Bob Fosse, who delivered a razzle-dazzle like no other director, couldn’t help but convey with a horrifying verisimilitude the darkest side of the glamorous life he cherished.
What drew Bob Fosse, legendary choreographer and director of movie musicals such as Cabaret and All That Jazz, to the lurid true crime story of Dorothy Stratten, the Playmate of the Year murdered by her ex-husband Paul Snider? According to Fosse biographer Sam Wasson, the connection was twofold. In the young Stratten, Fosse saw his more innocent self; in the obsessed, violent Snider, who shaped Stratten as if she was so much property, Fosse too, with horror, saw himself. That conflict and self-knowledge is part of what makes Star 80 (1983), made just a few years after the incidents it depicts, such a revealing, personal and unsettling film.
Fosse’s previous film, All That Jazz, had been a kind of autobiographical confession. In the alter ego of Joe Gideon (Roy Scheider, who only won the role after his Jaws co-star Richard Dreyfuss backed out), Fosse, who wrote and directed, took himself to task for his workaholic obsessions, his womanizing and his health. Seen in the light of that honest, if dazzling, self-assessment, Star 80, which thanks to editor Alan Heim shared the same quick-shot rhythms, was an entirely different kind of choreography. This showtime, in all its rapid cuts and precise blocking, was all too real, an American Dream of fast food (where Snider “discovered” Stratten), sex and movie sets turned nightmare.
That nightmare is set in motion by Eric Roberts, whose recent career, with the notable exception of Paul Thomas Anderson’s Inherent Vice, has been largely occupied by trash auteur David DeCoteau. Where now Roberts seems to sleepwalk through a series of VOD supporting roles, he immersed himself in the role of Paul Snider, so much so that he alienated cast and crew. All that desperation comes through the moment he appears on screen, vamping in from of a mirror and rehearsing his unctuous arrival in the Playboy mansion, imagining himself the picture of charm. Being Eric Roberts, he is not without charm; but Roberts gets under the skin of this character, handsome yet pathetic and ultimately dangerous.
Mariel Hemingway plays the part of the tragic victim, and she famously got her breasts enlarged for the part. Despite the enhancement, she doesn’t look much like Stratten—it’s hard for Hemingway at this age to look anything less than innocent, and that’s exactly why she’s so good in the role of fresh youth corrupted by glamor. Her youthfulness makes it even more uncomfortable to watch when everyone in her path exploits her, and it’s certainly not just Snider.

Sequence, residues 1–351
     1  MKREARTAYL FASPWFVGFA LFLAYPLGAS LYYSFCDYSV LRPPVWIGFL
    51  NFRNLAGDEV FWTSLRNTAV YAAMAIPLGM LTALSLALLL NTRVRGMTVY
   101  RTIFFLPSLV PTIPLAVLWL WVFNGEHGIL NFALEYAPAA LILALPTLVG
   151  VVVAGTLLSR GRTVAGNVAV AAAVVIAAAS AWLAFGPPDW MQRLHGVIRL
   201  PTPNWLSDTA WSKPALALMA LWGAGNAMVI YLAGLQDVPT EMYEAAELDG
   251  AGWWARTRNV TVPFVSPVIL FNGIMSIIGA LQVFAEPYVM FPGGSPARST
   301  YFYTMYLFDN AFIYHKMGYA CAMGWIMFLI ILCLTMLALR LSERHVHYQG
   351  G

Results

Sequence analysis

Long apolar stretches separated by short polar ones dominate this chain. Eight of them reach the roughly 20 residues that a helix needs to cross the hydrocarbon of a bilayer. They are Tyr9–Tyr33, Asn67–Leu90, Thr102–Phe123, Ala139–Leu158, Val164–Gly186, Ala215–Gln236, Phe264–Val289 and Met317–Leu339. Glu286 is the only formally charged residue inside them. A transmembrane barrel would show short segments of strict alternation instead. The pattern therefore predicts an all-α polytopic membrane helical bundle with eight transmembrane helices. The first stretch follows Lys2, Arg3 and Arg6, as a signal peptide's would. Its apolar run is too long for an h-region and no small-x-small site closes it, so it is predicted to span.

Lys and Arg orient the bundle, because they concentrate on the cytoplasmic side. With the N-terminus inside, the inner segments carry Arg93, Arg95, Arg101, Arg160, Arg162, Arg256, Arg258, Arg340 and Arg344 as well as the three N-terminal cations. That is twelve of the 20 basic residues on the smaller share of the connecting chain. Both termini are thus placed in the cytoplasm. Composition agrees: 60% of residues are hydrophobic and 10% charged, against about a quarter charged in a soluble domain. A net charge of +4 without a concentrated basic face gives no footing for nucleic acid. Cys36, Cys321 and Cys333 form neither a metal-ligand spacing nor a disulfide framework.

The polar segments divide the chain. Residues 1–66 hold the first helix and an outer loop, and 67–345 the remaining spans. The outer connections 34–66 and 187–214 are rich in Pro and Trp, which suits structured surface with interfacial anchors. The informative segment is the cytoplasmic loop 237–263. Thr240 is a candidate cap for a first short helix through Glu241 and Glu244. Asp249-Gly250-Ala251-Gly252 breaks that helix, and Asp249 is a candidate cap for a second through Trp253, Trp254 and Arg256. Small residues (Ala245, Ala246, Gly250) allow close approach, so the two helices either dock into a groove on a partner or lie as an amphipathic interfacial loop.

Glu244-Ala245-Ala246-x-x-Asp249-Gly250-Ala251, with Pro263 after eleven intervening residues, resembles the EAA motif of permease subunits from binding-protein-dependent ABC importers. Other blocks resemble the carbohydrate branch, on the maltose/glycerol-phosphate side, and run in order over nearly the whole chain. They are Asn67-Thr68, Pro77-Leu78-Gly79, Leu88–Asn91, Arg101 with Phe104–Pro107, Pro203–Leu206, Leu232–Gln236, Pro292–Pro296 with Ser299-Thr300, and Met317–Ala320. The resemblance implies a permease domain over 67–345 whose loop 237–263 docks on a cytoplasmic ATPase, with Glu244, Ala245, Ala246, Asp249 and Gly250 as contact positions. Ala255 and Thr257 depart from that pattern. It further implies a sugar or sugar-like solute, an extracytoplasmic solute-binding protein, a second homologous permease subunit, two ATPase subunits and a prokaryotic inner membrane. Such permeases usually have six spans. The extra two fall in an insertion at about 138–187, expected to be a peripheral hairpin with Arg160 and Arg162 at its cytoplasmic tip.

There’s Hugh Hefner, who talked Fosse out of casting his first choice to portray the magazine owner: Harry Dean Stanton; Hefner approved of Cliff Robertson, because who wouldn’t? Robertson can’t quite make Hef avuncular but he at least makes him seem more of a businessman than a lech. Even Aram Nicholas (Roger Rees), a thinly disguised Peter Bogdanovich, though he seemed to have less ulterior motives than others in Stratten’s circle, does not come across as blameless. Bogdanovich went on to write a tell-all book, The Killing of the Unicorn, that blamed Stratten’s murder on Hef and the Playboy lifestyle, but it seems somehow untoward that the director married Stratten’s younger sister.
In supplemental materials for All That Jazz, frequent Fosse dancer and one-time Fosse lover Ann Reinking suggests that Joe Gideon’s fate points to a moral that must have devastated the director: glamor kills. Fosse’s creative life had been dedicated to the human body: To making art out of the body in motion—or in the case of his Lenny Bruce biopic, out of performance. Yet the culmination of this, the final movie Fosse would direct, was an act of destruction. It’s a sober look at the double-edged sword of art, which creates worlds but also has the potential to destroy.
Star 80 was mostly shot in sequence, and the director dreaded the climactic murder scene, which was to be shot in the very house where it happened. He called up Reinking, telling her, “I really like these people. And I don’t want to see them die.” Bob Fosse, who delivered a razzle-dazzle like no other director, couldn’t help but convey with a horrifying verisimilitude the darkest side of the glamorous life he cherished.